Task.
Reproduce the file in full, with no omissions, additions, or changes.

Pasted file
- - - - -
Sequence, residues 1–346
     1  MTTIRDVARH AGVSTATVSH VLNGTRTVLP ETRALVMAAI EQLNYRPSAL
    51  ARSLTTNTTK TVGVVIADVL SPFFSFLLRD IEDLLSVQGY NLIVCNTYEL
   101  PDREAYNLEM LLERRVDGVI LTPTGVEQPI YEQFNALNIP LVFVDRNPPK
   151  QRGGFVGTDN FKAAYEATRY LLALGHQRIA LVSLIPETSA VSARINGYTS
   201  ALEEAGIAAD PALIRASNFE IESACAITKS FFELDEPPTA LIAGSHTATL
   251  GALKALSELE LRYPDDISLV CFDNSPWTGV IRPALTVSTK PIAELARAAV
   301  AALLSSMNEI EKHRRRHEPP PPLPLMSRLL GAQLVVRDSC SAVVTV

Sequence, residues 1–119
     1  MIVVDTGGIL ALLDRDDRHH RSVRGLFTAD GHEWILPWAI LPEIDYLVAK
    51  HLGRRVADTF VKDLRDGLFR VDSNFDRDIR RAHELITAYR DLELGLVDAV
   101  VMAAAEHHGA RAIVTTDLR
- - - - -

Sequence, residues 1–346
     1  MTTIRDVARH AGVSTATVSH VLNGTRTVLP ETRALVMAAI EQLNYRPSAL
    51  ARSLTTNTTK TVGVVIADVL SPFFSFLLRD IEDLLSVQGY NLIVCNTYEL
   101  PDREAYNLEM LLERRVDGVI LTPTGVEQPI YEQFNALNIP LVFVDRNPPK
   151  QRGGFVGTDN FKAAYEATRY LLALGHQRIA LVSLIPETSA VSARINGYTS
   201  ALEEAGIAAD PALIRASNFE IESACAITKS FFELDEPPTA LIAGSHTATL
   251  GALKALSELE LRYPDDISLV CFDNSPWTGV IRPALTVSTK PIAELARAAV
   301  AALLSSMNEI EKHRRRHEPP PPLPLMSRLL GAQLVVRDSC SAVVTV

Sequence, residues 1–119
     1  MIVVDTGGIL ALLDRDDRHH RSVRGLFTAD GHEWILPWAI LPEIDYLVAK
    51  HLGRRVADTF VKDLRDGLFR VDSNFDRDIR RAHELITAYR DLELGLVDAV
   101  VMAAAEHHGA RAIVTTDLR